Source: Authors.
    Fig. 3.3.

    Neck torsion.

    Source: Authors.
  • 3.

    Trunk flexion and torsion (Figs. 4.1 and 4.2)

    Fig. 4.1.

    Trunk flexion.

    Source: Authors.
    Fig. 4.2.

    Trunk torsion.

    Source: Authors.
  • 4.

    Arm abduction (angle >30 degrees) (Fig. 5)

    Fig. 5.

    Arm abduction at an angle greater than 30 degrees.

    Source: Authors.
  • 5.

    Ergonomic overstretching to reach the target (Fig. 6)

    Fig. 6.

    Ergonomic overstretching to reach the target.

    Source: Authors.
  • 6.

    Pinch grasp of the probe (there is up to a five-fold reduction in the force applied when the volar grip is used42) (Fig. 7)

    Fig. 7.

    Pinch grip of the transducer.

    Source: Authors.

Operator posture and interaction with all the pieces of equipment have to be considered for an appropriate scan.51 An ergonomic work area must include the following:

  • 1.

    A table with lateral retractile supports in order to avoid creating a larger distance to the patient, with powered height adjustment because manual controls interfere with the chair and operator location.42

  • 2.

    A chair with wheels, adjustable from the seating position.42,51

  • 3.

    A spacious examination room with indirect lighting that does not interfere with the display.42,51

Appropriate ergonomics for nerve blocks

Based on the information above, approaches to ensure appropriate ergonomics are proposed24:

  • 1.

    Avoiding inadequate positioning of the hands, wrists, neck, trunk and shoulders (Figs. 2–7).

  • 2.

    Placing the US machine on the opposite side of the side of the body where the nerve block will be performed.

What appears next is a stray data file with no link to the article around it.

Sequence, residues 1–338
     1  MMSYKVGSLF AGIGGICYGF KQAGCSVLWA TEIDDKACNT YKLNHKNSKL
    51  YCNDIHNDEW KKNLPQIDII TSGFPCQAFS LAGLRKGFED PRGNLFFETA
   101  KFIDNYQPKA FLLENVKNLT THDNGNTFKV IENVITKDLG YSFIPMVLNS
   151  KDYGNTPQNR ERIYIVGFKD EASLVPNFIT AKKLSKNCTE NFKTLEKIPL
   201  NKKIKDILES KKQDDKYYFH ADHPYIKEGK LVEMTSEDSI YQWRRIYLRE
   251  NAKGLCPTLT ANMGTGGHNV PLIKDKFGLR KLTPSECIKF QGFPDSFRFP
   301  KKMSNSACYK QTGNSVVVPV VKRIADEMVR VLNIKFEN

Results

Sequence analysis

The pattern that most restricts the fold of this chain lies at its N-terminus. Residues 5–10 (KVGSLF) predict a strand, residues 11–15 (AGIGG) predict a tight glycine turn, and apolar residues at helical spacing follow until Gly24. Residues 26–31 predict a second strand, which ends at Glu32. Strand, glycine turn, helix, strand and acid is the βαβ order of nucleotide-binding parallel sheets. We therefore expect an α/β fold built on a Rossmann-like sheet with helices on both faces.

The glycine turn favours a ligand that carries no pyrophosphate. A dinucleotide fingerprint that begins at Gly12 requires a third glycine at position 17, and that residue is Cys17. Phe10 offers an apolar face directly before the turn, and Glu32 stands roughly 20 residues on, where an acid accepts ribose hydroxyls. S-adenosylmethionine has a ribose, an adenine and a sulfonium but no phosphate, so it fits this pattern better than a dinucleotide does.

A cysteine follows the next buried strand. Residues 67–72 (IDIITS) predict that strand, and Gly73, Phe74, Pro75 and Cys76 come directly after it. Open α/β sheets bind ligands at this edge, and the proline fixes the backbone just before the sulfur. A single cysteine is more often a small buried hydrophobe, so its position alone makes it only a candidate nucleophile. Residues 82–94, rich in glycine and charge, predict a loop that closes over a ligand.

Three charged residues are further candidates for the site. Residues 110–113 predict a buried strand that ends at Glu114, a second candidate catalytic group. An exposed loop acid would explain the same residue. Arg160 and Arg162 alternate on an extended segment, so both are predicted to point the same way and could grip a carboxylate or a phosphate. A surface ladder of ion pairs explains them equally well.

• 3.

    Avoid turning the head 45 degrees or more.

  • 4.

    Aligning the monitor with the operator's visual axis.

  • 5.

    ALVA alignment of the probe and needle.

  • 6.

    Working from a sitting position with the arm supported on the bed.

  • 7.

    Adjusting the height of the bed.

  • 8.

    No hand crossing (transducer and needle).

  • 9.

    Holding the needle with the dominant hand.

  • 10.

    Avoid the pinch grip when holding the transducer (Fig. 7).

  • 11.

    Holding the probe from the bottom and using the patient's skin as support for the fingers in order to gain greater stability.

A proposal for ergonomic performance of interscalene and supraclavicular nerve blocks (Fig. 8), axillary blocks (Figs. 9.1 and 9.2), femoral blocks (Figs. 10.1 and 10.2) and sciatic popliteal blocks (Figs. 11.1 and 11.2) is presented below.

Fig. 8.

Position for performing interscalene and supraclavicular nerve blocks. Patient in supine position at 45 degrees, arm in adduction, head slightly rotated to the contralateral side. Monitor in front, aligned along the visual axis. Volar grasp of the high-frequency linear probe, using the patient as support for the hand. In-plane needle entry with along-the-visual-axis approach.

Source: Authors.
Fig. 9.1.